#Wansa .com #UDRP : Fifteen year old #domain lost without legal assistance

UDRP result: Transfer domain.

The domain Wansa.com was registered in 2003, and the term “Wansa” is apparently a common name in Arabic-speaking countries.

Its registrant, however, failed to seek legal assistance when a UDRP was filed. They also failed to file a formal response, although the Panel accepted their informal response regardless.

The Complainant, Yusuf A. Alghanim & Sons W.L.L. of Kuwait City, Kuwait, asserted that their rights to the WANSA mark goes back decades.

WANSA also stands for Walters Ash & Naphill School Association, according to the web site wansatickets.com. That point, along with others, would have made a difference if an IP attorney were involved in the Respondent’s defense.

Alas, that wasn’t the case, and the sole panelist at the WIPO ordered the domain Wansa.com to be handed over to the Complainant.

Full details of this UDRP decision follow:

WIPO Arbitration and Mediation Center
ADMINISTRATIVE PANEL DECISION
Yusuf A. Alghanim & Sons W.L.L. v. Anees Salah Salameh
Case No. D2018-1231

1. The Parties

Complainant is Yusuf A. Alghanim & Sons W.L.L. of Kuwait City, Kuwait, represented by Saba & Co. Intellectual Property s.a.l. (Offshore) Head Office, Lebanon.

Respondent is Anees Salah Salameh of Cambridge, Canada, self-represented.

2. The Domain Name and Registrar

The disputed domain name <wansa.com> is registered with Register.com (the “Registrar”).

3. Procedural History

The Complaint was filed with the WIPO Arbitration and Mediation Center (the “Center”) on June 1, 2018. On June 1, 2018, the Center transmitted by email to the Registrar a request for registrar verification in connection with the disputed domain name. On June 1, 2018, the Registrar transmitted by email to the Center its verification response confirming that Respondent is listed as the registrant and providing the contact details.

The Center verified that the Complaint satisfied the formal requirements of the Uniform Domain Name Dispute Resolution Policy (the “Policy” or “UDRP”), the Rules for Uniform Domain Name Dispute Resolution Policy (the “Rules”), and the WIPO Supplemental Rules for Uniform Domain Name Dispute Resolution Policy (the “Supplemental Rules”).

In accordance with the Rules, paragraphs 2 and 4, the Center formally notified Respondent of the Complaint, and the proceedings commenced on June 8, 2018. In accordance with the Rules, paragraph 5, the due date for Response was June 28, 2018.

On June 18, 2018, Respondent submitted an email offering to sell the disputed domain name to Complainant. Subsequently, the Center informed that Parties that if they wish to explore settlement options, Complainant should submit a request for suspension. On June 25, 2018, Complainant requested to suspend the proceeding. The Center notified the Parties that the proceeding was suspended until July 25, 2018. On June 27, 2018, Respondent submitted an informal email. On July 27, 2018, Complainant requested to reinstitute the proceeding. On the same day, the Center notified the Parties that the proceeding was reinstituted and the Response due date was July 30, 2018. Respondent did not submit any substantive response. Accordingly, on July 31, 2018, the Center informed the Parties that it would proceed to panel appointment.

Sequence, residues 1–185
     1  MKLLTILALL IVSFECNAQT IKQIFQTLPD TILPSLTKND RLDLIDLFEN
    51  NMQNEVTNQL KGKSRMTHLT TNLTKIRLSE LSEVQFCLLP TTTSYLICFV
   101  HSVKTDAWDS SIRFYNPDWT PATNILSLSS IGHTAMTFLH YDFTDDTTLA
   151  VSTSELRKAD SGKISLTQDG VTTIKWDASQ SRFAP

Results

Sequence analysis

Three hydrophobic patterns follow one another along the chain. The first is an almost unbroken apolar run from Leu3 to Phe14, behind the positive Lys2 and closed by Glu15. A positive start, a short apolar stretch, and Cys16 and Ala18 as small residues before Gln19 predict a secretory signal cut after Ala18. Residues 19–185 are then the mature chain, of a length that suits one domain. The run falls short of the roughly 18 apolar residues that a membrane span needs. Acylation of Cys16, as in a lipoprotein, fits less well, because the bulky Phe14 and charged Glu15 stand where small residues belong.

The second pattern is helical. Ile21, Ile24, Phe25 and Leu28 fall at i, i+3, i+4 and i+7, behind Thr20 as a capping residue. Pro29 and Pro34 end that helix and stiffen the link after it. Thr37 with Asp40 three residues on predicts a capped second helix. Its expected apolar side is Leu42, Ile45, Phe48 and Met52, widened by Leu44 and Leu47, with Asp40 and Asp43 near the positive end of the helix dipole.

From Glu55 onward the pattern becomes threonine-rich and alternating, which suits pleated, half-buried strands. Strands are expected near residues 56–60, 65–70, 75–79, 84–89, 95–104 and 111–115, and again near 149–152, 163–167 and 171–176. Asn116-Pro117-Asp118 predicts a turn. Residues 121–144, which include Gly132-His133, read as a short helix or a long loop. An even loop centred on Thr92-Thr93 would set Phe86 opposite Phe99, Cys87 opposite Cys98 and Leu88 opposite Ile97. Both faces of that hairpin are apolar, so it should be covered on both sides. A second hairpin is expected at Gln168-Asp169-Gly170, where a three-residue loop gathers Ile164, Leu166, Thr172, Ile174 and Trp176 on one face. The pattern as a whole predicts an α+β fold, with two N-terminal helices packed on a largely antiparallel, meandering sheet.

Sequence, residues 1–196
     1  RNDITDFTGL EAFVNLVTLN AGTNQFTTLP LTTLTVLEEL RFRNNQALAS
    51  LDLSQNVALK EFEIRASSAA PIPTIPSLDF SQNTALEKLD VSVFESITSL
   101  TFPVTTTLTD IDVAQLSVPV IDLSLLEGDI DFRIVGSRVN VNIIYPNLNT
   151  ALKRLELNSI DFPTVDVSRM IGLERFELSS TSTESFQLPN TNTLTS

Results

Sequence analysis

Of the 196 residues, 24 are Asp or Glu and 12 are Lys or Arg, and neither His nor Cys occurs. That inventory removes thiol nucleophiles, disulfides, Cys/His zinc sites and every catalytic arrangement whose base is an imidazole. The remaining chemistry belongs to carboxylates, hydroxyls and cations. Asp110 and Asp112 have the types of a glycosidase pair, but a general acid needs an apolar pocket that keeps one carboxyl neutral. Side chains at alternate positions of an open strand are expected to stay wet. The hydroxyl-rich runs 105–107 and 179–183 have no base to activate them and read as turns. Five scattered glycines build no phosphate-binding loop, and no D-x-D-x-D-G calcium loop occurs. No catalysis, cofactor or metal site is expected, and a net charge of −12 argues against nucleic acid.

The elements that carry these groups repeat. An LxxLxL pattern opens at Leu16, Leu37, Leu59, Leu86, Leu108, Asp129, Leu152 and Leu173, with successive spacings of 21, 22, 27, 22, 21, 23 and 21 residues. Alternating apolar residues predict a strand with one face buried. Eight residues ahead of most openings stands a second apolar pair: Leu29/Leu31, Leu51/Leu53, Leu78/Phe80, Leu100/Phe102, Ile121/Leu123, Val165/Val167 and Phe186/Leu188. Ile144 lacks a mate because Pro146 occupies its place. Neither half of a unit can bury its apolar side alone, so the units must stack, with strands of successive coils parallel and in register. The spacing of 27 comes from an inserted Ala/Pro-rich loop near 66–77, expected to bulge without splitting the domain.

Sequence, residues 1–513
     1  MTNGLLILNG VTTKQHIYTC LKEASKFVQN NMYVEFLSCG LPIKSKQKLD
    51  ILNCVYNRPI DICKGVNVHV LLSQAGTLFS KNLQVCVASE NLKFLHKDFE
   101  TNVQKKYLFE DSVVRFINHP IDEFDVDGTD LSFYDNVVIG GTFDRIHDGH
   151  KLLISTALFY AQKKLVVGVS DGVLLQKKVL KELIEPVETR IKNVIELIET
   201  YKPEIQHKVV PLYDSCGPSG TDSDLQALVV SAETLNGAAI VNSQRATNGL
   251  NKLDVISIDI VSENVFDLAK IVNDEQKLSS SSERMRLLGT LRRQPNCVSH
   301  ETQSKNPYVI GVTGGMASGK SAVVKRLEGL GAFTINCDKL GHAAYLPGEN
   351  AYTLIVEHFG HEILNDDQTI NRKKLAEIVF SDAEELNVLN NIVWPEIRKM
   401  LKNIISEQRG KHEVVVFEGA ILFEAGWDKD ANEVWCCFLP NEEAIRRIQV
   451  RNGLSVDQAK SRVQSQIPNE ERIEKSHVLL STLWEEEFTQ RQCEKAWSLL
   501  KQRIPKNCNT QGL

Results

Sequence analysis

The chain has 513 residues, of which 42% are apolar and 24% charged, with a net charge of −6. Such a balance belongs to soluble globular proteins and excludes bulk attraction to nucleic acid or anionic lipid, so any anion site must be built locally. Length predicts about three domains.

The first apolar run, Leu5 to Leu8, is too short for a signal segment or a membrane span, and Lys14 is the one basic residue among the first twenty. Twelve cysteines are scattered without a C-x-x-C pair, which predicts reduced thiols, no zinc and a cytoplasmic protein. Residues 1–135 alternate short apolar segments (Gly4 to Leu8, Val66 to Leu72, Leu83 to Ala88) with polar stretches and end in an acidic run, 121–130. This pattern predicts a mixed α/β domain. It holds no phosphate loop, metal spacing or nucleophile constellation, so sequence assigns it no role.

The Center appointed Lawrence K. Nodine as the sole panelist in this matter on August 8, 2018. The Panel finds that it was properly constituted. The Panel has submitted the Statement of Acceptance and Declaration of Impartiality and Independence, as required by the Center to ensure compliance with the Rules, paragraph 7.

On August 20, 2018, the Respondent submitted a late Response.

4. Factual Background

Complainant is a large privately owned Kuwaiti company operating in 40 countries, with strongholds in the Middle East, India, and Turkey. Over the past 80 years, Complainant has partnered with companies such as GM, Cadillac, British Airways, etc. to introduce the companies’ products to the Kuwaiti market. In addition, in 1999, Complainant launched its own “Wansa” brand of consumer electronics in Kuwait. Complainant owns over 30 WANSA trademark registrations in various countries, including Kuwait (e.g., Registration Nos. 12777 and 12779; November 24, 1980). Complainant promotes WANSA products online through its websites “www.wansaelectronics.com” and through “www.xcite.com,” a site owned by Complainant’s subsidiary Xcite General Trading Co. S.P.C. According to Alexa, the website “www.xcite.com” is the eighth most visited website in Kuwait.

Respondent is a Canada-based individual who registered the disputed domain name on November 6, 2003. Internet archive records indicate that the disputed domain name (at least starting in 2007) was for sale for a sum of USD 10,000. In mid to late 2015 the disputed domain name was set to redirect Internet traffic to the website “www.eureka.com.kw”, which offers various consumer electronic products for sale. As of the filing of the Complaint, the disputed domain name redirected traffic to “www.eureka.com.kw”.